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All about epilepsy seizures types of epilepsy common types of epilepsy types of seizures causes of epilepsy causes of children epilepsy factors triggering epilepsy symptoms of epilepsy diagnosis of epilepsy treatments for epilepsy epilepsy medications epilepsy surgery vagus nerve stimulation epilepsy diet prevention of epilepsy epilepsy in children pregnancy and epilepsy difference between seizures and epilepsy grand mal seizure absence seizure (petit mal seizure) febrile seizure epileptic seizures status epilepticus causes of seizures

What's a grand mal seizure?

A grand mal seizure is a seizure involving the entire body, usually characterized by muscle rigidity, violent rhythmic muscle contractions, and loss of consciousness. The condition is caused by abnormal electrical activity in the nerve cells of the brain. Grand mal seizures seizures (also called generalized tonic-clonic) are the type of seizure that most people associate with the term "seizure," convulsion, or epilepsy. They may occur in people of any age, as a single episode or as

a repeated, chronic condition (epilepsy). The majority of seizures that do occur as just a single episode are grand mal seizures rather than other types.

Generalized seizures are caused by abnormal electrical activity at multiple locations in the brain and/or over a large area of the brain. This results in loss of consciousness and body stiffening, which is followed by shaking of the arms and legs. A typical grand mal seizure starts with a loss of consciousness and falling down. This is followed by a 15- to 20-second period with muscle rigidity (tonic phase) and then a one- to two-minute period of violent, rhythmic convulsions (clonic phase). During a grand mal seizure, you may take on a dusky appearance, resulting from decreased blood oxygen levels due to impaired breathing during the seizure.

Most grand mal seizures last from one to two minutes. After the seizure, you may experience a headache and drowsiness or confusion. In most cases, seizures seem to occur randomly. But in rare cases, stimulation by light, sound, touch or reading can trigger a seizure in susceptible people. Sleep deprivation and excessive alcohol use also may trigger seizures. Abnormal electrical activity may start in one part of the brain and cause isolated symptoms (see partial seizures). Sometimes this abnormal electrical activity spreads through the brain, resulting in a generalized seizure. Seizures can be caused by a specific area of the brain that is injured or inflamed, or they can be due to stress on the brain from a more widespread systemic process, such as severely low blood sugar.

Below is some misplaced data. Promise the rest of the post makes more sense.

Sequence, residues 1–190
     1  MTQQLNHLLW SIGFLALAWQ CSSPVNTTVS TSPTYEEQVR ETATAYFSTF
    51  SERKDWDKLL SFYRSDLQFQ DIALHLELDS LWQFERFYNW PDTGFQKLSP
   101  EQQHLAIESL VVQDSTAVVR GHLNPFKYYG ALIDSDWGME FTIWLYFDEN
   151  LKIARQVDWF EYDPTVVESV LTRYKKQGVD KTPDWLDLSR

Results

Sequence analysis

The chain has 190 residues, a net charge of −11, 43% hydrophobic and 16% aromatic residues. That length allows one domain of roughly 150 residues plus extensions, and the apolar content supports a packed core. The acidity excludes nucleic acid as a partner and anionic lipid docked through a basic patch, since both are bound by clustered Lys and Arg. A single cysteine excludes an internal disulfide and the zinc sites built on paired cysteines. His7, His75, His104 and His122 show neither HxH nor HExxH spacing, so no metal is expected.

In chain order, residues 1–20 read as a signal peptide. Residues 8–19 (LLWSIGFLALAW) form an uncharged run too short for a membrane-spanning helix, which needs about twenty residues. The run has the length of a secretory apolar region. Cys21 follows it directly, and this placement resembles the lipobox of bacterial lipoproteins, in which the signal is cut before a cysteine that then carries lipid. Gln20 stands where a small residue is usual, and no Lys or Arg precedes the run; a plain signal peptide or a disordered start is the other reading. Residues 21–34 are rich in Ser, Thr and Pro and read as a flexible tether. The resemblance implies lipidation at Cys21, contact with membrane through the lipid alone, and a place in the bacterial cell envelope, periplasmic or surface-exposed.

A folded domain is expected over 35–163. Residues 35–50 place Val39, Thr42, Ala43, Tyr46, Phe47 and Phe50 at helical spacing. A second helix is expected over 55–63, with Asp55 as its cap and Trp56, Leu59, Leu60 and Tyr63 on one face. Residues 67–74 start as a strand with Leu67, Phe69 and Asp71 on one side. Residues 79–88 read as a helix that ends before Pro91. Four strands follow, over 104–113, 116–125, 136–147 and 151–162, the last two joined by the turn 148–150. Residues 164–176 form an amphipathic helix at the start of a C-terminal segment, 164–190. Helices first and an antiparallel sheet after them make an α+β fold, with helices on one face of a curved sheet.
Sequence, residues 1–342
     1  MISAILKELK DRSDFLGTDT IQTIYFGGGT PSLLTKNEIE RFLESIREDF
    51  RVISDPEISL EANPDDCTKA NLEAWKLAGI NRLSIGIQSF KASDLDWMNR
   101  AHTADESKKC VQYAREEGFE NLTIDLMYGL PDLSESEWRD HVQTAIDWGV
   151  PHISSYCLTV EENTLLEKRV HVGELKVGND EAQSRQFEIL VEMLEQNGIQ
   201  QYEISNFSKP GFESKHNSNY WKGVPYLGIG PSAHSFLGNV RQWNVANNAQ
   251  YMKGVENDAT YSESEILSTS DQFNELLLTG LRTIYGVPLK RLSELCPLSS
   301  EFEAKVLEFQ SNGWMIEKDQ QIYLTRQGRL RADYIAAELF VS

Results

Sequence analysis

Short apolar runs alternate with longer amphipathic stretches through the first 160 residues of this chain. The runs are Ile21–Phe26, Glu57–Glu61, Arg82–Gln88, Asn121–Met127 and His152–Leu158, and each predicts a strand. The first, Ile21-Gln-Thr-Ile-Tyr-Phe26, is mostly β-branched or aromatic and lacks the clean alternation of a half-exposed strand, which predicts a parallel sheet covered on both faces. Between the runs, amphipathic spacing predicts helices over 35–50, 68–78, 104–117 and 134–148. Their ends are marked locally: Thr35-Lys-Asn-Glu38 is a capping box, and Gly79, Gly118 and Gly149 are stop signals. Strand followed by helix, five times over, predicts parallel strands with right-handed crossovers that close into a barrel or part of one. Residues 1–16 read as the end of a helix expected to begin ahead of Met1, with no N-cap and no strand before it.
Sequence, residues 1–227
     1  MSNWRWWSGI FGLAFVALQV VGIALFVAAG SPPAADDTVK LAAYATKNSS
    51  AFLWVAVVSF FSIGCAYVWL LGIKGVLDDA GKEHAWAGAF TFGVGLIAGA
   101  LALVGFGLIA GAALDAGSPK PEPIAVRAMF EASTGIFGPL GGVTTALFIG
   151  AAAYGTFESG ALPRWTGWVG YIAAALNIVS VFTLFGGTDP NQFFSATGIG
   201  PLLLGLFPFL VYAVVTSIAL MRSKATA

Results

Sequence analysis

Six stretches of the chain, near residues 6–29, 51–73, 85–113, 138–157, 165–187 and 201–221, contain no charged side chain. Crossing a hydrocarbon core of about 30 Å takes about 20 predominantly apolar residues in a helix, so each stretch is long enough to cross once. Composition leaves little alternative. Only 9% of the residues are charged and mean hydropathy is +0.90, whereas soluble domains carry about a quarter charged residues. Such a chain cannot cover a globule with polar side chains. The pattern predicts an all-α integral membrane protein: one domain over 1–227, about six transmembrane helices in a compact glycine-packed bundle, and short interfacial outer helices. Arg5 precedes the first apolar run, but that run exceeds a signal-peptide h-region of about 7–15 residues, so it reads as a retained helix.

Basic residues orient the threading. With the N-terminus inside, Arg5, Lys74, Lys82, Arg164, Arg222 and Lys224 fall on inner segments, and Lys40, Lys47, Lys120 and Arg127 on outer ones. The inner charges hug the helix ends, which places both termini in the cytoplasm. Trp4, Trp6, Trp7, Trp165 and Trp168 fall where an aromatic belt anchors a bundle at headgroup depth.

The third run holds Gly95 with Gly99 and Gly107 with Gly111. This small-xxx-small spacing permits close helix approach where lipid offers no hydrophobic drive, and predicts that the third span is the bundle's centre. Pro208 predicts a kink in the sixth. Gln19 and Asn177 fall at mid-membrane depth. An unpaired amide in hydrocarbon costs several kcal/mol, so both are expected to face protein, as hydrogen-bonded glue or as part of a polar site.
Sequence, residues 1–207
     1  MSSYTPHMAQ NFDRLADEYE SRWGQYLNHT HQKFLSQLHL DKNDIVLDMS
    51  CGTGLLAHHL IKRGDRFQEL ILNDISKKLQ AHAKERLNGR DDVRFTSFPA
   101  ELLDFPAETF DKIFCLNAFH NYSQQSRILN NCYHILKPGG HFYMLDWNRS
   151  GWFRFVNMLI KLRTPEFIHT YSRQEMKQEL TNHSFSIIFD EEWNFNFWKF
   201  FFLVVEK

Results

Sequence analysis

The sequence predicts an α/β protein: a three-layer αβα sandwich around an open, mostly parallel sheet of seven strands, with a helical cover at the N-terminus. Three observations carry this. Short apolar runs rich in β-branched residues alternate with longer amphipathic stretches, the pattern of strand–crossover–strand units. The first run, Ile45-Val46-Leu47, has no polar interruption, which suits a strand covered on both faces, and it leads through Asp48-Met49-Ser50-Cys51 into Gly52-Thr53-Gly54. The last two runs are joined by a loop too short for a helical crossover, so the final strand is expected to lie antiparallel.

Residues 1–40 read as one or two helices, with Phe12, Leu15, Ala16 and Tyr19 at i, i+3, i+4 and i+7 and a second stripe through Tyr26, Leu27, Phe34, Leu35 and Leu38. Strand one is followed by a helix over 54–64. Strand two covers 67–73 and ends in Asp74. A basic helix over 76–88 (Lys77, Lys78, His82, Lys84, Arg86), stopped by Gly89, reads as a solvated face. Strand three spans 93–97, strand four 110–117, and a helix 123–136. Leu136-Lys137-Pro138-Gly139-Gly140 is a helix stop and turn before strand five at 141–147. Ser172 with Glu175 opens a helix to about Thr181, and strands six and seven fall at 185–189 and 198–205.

Diagnosis of a grand mal seizure is based on the symptoms and excluding other medical problems that can look like a seizure (such as heart arrythmia). A neuromuscular examination may or may not reveal neurologic deficits (decreases in brain functions) when the person is not actively having seizures. An EEG may show characteristic changes and in some cases may show the focus (location of the cause of the seizure). An EEG can be normal in between seizures and a normal EEG does not rule out a seizure disorder.

Many medications can effectively reduce or eliminate the number of seizures for some people. Finding the right medication and dosage can be complex. Medications available for the treatment of seizures include phenytoin (Dilantin), carbamazepine (Carbatrol, Tegretol), valproic acid (Depakene), divalproex (Depakote), gabapentin (Neurontin), phenobarbital, ethosuximide (Zarontin), clonazepam (Klonopin), lorazepam (Ativan), diazepam (Valium), primidone (Mysoline), oxcarbazepine (Trileptal), lamotrigine (Lamictal), topiramate (Topamax), felbamate (Felbatol) and tiagabine (Gabitril). Seizure medications are associated with birth defects.

For seizure disorders that don't respond well to medications, surgery may be an option if the seizures are localized to a particular part of the brain and that part of the brain can be removed without serious consequences. Surgery may also be effective if the cause of seizures is a tumor or malformation of the brain. In children who don't seem to have a focal point to their seizures and who regularly fall to the ground during their seizures, surgery to split the tissue that connects the brain's two hemispheres — called the corpus callosum — may dramatically reduce "drop seizures" without adversely affecting the brain's other functions.

More information on epilepsy (seizures)